There's no doubt that Musgraves' Same Trailer, Different Park, released in March, will top many critics' lists — in fact, it's bringing in a new generation of listeners who thought that Neko Case was as country as they'd ever get. And beyond rocking an edgy image and attitude (her signature song, "Follow Your Arrow," endorses same-sex smooching and the occasional toke), Musgraves, like Lambert, works with other very gifted women who are ready to jump into the space she's created. Just one example is Kree Harrison — a background singer on Musgraves' album who's a fine songwriter herself and who went on to be the runner-up in this year's American Idol race.
Another friendly workplace, and the final factor that's made this year so great for women in Nashville, is the television show that bears the city's name. I'm hardly the first writer to notice that Nashville deserves to be called a feminist intervention. It's important to note that not only do the program's characters and plotlines support and celebrate women; many of the songs performed each week are written or co-written by women, including Musgraves and Americana vets Lucinda Williams and Patty Griffin. And given the fact that the three most frequently featured singers on Nashville are female, even male writers have had to shift attention back to the feminine.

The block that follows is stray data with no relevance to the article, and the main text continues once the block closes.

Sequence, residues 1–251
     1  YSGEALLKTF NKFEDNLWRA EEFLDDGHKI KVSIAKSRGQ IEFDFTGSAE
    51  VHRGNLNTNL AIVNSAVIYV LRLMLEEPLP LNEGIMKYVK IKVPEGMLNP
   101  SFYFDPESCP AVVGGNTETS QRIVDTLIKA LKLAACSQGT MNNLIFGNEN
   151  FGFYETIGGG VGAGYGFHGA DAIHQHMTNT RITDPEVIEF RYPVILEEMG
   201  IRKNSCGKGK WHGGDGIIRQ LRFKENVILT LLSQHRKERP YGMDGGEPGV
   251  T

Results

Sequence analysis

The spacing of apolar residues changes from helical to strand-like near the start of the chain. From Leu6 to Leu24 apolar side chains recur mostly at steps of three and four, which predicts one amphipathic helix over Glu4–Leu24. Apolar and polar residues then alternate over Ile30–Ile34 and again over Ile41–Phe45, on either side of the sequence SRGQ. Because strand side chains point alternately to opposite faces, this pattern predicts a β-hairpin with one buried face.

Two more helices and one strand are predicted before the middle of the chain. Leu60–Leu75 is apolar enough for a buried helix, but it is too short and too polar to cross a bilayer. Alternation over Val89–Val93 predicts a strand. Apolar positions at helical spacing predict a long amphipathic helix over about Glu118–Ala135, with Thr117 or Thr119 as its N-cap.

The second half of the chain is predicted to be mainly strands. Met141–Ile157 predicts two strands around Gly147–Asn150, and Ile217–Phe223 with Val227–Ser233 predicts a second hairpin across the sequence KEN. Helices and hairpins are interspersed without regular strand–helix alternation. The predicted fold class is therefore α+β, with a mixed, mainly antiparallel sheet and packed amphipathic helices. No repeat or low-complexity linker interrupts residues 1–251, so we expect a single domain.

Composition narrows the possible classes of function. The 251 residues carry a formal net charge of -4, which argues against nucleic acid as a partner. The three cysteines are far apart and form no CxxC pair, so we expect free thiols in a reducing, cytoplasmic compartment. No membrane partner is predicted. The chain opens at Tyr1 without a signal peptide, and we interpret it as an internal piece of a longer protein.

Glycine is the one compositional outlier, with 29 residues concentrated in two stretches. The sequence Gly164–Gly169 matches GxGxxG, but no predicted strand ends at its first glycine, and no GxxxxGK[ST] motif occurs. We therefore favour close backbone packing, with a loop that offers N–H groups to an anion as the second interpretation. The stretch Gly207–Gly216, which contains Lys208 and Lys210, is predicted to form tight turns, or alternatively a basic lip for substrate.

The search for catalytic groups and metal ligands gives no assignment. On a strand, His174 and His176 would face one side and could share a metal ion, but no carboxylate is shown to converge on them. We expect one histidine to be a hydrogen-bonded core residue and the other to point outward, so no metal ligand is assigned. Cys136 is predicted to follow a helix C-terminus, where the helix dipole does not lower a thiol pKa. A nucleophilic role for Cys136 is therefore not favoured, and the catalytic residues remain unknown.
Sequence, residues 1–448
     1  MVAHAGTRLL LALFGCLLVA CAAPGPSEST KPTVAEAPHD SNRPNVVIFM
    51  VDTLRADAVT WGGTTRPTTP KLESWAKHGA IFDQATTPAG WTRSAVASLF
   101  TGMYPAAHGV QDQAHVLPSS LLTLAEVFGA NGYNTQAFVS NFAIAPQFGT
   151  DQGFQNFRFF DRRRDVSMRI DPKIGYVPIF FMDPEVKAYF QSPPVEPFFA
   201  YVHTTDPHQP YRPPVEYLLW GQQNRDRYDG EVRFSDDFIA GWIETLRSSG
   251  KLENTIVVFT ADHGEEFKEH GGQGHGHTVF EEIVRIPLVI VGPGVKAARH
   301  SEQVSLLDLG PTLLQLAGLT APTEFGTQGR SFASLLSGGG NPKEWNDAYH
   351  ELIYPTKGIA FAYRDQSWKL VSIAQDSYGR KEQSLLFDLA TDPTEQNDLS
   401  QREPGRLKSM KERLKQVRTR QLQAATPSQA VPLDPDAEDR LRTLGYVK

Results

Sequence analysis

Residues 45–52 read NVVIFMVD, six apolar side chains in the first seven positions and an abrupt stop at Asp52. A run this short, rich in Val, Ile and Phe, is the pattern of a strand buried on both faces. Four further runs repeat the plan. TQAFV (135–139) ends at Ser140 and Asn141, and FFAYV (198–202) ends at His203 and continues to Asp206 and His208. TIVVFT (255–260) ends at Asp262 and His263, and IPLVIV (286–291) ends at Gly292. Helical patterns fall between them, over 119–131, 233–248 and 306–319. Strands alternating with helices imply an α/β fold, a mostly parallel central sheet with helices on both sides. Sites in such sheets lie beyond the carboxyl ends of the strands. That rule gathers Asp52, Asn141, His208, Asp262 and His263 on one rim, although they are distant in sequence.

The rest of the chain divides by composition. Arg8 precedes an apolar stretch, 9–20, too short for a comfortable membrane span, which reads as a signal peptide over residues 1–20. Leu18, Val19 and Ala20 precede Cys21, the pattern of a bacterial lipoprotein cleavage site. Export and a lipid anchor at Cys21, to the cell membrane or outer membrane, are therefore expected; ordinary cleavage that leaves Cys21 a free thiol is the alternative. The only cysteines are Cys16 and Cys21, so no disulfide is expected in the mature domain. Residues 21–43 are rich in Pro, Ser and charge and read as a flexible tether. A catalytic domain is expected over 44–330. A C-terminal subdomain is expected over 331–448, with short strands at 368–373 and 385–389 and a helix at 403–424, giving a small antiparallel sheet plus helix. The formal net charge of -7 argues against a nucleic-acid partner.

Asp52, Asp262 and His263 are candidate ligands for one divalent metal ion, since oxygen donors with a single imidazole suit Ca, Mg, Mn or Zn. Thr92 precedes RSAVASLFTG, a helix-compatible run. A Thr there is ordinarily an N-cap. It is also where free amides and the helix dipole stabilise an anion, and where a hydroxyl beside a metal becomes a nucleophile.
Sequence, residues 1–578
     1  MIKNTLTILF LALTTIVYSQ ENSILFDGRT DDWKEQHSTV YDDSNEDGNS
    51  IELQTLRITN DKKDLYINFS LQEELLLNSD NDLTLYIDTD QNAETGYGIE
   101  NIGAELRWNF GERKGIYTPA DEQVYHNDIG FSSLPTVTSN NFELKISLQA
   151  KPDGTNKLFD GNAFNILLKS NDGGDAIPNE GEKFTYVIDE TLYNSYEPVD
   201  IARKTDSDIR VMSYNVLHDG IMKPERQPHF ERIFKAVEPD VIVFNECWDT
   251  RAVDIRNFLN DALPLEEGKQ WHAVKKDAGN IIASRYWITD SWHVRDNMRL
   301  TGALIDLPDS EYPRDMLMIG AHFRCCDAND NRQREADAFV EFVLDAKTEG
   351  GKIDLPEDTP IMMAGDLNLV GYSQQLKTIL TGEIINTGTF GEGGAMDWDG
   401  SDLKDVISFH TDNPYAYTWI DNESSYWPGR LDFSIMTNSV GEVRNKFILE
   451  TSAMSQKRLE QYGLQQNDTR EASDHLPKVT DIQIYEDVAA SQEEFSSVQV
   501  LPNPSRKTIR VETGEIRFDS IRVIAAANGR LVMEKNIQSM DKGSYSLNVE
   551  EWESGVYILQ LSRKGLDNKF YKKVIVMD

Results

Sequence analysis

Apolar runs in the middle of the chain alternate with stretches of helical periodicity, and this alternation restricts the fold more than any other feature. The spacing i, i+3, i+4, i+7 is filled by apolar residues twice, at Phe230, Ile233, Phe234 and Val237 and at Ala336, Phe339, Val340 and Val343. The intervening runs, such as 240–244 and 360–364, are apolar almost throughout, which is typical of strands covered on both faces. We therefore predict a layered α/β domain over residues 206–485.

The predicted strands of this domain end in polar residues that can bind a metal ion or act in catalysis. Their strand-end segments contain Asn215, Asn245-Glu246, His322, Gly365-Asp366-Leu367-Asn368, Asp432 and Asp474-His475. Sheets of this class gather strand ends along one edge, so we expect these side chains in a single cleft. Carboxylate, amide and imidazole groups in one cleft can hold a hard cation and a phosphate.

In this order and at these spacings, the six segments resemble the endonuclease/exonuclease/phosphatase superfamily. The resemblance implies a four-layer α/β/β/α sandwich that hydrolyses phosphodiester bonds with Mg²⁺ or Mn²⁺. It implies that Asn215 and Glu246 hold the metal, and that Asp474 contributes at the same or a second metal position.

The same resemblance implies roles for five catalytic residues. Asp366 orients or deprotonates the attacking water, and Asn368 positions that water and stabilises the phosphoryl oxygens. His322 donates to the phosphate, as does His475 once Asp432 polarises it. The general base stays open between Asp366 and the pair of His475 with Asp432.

So it makes sense that halfway through 2013, I can easily make a Year's Best list comprising the following albums: Same Trailer, Different Park; Like A Rose, by Pistol Annies member Ashley Monroe; Annie Up, the second album from that group itself; The Highway, the first independent release from Hank Williams' granddaughter, Holly Williams; Spitfire, the emotionally unrelenting comeback album by LeeAnn Rimes; American Kid, by Americana veteran Griffin; The Stand-In, by a relative newcomer in the same field, Caitlin Rose; Love and Forgiveness, by Dusty Springfield's spiritual daughter, Courtney Jaye; Carnival, by the quietly brilliant Nora Jane Struthers — just one of several younger women making major waves in bluegrass; Pioneer, by the ever more rocking The Band Perry; and yes, those two volumes of soundtrack from the series Nashville.
Oh, and did I mention that the young singer-songwriter who might be the best of them all — Brandy Clark, who co-wrote Musgraves' "Follow Your Arrow," hasn't even released her debut album yet? For women creating country music, and for all of us who love to hear their stories, this is truly Lucky 2013.